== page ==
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Dentistry then and now

ACKNOWLEDGMENT: The details and photographs have been kindly provided by Professor Wayne Sampson, School of Dentistry, University of Adelaide.

The Oxford dictionary defines a dentist as “one whose profession is to treat the diseases of teeth, extract them, insert artificial ones etc.” Hippocrates and Aristotle (@500 BÇ) mention forceps extractions and the use of wire to stabilise loose teeth or jaw fractures.

The practitioners included priests monks and other healers. These were followed by barbers and the barber’s chair may well have been the precursor of the dental one.

Dental drills originally foot treadle operated (1850) were later provided with electric motors, different drills and faster speeds. Vulcanisation and plastics provided a good material for false teeth. Amalgam fillings, gold tooth crowns and bridges all date back to the 18 th and 19 th centuries, The Adelaide school of dentistry was founded in 1923 and is noted for a major contribution to the development of Orthodontics. Some of the heritage items stored in the museum reflect the development of dentistry in SA


Three late 19th century (1896) dental instruments for the extraction of teeth and roots.

Made from carbon steel with ivory and bone handles.


Early 20th century steel dental forceps


1890 spring form denture (right.) later denture (left.) has a perspex base

1860 partial denture constructed from metal and vulcanite held by anchoring studs. The two metal loops were fitted to remaining teeth


Ladle used for heating metal (gold silver etc.) prior to casting


late19 th century centrifugal casting device


A wax pattern of the restoration to be cast (usually in gold) is inserted in the cylinder with a heat resistant dental plaster (diestone). On heating the wax is lost and molten metal is cast into the die under centrifugal forces created by vigorously swinging the cylinder (crucible) attached to the chain and handle

Horn mallet used to hammer soft metal such as gold. (swaging).

Methylated spirit burner used to melt wax or mould plastic


Chip syringe used to puff air to dry surfaces (eg. before placing a tooth restoration


A prototype spring made by Dr. Begg from fencing wire. This was used to show a manufacturer how to design a spring which was used with tooth braces to move tooth roots to correct positions.

A dental chair & a foot treadle operated dental drill used by Dr. Begg.

An early “Practica” reflex 35mm camera and circular flash used by Dr. Begg to record photographs before and after orthodontic procedures.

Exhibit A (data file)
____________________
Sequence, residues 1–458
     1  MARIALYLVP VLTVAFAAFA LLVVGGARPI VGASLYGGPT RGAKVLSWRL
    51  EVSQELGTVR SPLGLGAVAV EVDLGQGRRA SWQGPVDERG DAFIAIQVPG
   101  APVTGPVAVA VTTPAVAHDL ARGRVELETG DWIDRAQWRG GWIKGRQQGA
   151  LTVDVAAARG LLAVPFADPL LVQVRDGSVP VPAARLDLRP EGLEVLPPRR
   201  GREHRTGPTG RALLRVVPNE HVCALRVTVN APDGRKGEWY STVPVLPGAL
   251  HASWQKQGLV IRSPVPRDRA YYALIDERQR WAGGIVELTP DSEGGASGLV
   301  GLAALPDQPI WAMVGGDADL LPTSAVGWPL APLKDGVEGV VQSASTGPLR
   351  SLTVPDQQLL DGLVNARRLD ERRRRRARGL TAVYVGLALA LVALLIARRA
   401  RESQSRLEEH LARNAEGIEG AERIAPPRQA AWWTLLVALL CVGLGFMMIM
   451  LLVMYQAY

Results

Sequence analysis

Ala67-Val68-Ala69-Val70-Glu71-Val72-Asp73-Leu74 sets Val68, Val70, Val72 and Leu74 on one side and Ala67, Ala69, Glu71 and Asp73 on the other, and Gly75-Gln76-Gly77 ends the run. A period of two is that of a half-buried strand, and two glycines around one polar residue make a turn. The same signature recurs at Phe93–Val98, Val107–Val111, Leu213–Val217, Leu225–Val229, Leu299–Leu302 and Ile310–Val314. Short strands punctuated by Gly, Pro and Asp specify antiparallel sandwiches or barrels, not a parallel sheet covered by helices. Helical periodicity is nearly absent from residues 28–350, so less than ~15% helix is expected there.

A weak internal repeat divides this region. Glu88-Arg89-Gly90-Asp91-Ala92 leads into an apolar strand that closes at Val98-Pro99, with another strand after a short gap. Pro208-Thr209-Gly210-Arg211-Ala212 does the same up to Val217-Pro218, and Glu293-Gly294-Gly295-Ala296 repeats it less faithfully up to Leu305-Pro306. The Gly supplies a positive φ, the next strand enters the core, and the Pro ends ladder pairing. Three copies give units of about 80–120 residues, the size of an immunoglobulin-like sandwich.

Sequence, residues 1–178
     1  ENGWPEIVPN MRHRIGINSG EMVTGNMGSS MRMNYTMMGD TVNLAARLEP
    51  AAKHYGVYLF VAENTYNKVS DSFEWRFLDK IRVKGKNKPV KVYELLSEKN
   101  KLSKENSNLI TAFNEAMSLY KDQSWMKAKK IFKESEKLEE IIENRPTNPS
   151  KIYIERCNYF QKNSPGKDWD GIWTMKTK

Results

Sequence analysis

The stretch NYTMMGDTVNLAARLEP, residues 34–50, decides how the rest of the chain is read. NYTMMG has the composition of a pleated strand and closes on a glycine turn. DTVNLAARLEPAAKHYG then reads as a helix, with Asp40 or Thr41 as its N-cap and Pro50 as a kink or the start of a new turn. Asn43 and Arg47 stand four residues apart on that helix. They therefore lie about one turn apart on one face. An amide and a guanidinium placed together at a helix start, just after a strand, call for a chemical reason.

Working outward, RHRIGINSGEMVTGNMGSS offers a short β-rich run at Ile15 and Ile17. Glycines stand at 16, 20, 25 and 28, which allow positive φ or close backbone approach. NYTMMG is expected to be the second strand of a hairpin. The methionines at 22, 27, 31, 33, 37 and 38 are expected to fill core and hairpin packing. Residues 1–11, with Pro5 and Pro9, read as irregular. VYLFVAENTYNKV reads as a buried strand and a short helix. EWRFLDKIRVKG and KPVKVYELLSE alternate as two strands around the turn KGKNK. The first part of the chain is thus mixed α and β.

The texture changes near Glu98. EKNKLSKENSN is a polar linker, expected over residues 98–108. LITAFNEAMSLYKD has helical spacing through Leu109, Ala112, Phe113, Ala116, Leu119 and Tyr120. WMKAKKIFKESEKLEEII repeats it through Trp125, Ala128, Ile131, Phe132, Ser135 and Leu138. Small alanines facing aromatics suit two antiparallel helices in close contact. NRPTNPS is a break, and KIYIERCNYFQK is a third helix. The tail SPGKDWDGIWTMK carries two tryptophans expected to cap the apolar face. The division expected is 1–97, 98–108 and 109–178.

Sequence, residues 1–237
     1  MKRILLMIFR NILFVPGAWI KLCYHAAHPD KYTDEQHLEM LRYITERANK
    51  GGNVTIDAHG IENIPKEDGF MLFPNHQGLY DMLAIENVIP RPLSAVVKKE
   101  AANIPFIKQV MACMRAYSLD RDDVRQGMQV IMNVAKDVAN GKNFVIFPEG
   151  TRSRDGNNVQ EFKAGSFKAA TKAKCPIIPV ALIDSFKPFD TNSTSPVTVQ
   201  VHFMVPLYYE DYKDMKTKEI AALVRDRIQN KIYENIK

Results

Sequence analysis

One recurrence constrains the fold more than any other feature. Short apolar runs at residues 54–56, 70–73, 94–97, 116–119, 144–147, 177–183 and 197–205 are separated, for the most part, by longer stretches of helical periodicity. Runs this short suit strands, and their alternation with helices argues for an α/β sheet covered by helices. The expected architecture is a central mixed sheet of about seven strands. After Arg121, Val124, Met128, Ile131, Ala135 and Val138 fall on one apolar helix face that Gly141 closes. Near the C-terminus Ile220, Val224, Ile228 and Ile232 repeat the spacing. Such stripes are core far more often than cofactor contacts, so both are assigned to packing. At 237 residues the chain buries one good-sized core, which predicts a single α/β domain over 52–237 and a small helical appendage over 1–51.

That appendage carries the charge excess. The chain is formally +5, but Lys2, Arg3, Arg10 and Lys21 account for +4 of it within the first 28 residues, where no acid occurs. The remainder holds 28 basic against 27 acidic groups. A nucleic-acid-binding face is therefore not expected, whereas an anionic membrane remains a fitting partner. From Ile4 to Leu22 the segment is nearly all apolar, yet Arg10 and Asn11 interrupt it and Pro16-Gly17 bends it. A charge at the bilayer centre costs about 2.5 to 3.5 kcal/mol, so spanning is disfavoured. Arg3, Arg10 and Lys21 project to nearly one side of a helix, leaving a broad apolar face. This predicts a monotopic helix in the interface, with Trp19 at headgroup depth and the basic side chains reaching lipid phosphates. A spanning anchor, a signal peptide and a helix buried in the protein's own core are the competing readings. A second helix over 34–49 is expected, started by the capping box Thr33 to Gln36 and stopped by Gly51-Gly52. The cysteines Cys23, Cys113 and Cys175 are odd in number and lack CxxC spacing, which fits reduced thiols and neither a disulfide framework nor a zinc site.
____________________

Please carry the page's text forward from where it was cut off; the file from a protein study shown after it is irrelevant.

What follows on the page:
(examples on wall)

Dentistry now

Modern technology has provided numerous advances in dental management. Apart from improvements in aesthetic appearance, numerous companies supply equipment which makes dental treatment easier and less painful.

General view of a modern dental suite

Lasers and ultrasound

The use of lasers and ultrasound has revolutionised the treatment of dental caries by improving the cleaning and preparation of dental cavities. Teeth whitening and scaling are performed with ease. Lasers of different wavelengths are used to treat leukoplakia and gum problems. Dental handpieces are air turbine driven and reach speeds of over 200,000 RPM . Their heads can be changed to suit a particular treatment.

Close-up of laser controls & the probe (center)


Full view of “Biolase” laser unit.


Computers in dental imaging

Computers are used in dental imaging and in the preparation of dental crowns and bridges, Images of specific teeth are stored on discs and are viewed on a screen attached to the dental chair.

Rinsing bowl and a digital screen for viewing dental x-rays.


Various dental hand pieces for specific uses


Modern dental chair


Dentists at work


An Orthopantomograph showing head brace and & x-ray unit



The x-ray picture obtained with an orthopantomogram. The larger x-ray film required processing in a radiology department where these machines were usually installed in the past. Modern machines are now installed in the dental suites . Orthodontists can now view an immediate digital image. Note good view of the maxillary sinuses and tempero-mandibular joints.


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A digital viewing screen which provides immediate pictures of areas of interest. It is no longer necessary to use small x-ray films which had to be placed against the patient’s teeth and then developed, fixed and washed. It has been replaced by a charge coupled device which produces a digital image in the computer. This image is stored and can be retrieved for comparison with a later image.

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The sensor of a digital dental x-ray unit. It is a very expensive charge coupled device (as in a digital camera) and is placed in the patient’s mouth in place of the now obsolete dental non screen film.

Digital dental x-ray display in a modern dental suite.


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A modern x.ray unit is mounted on the wall on the left. The x-ray tube is in the metallic container with a plastic cone which is placed against the patient’s cheek. The digital display is on the right).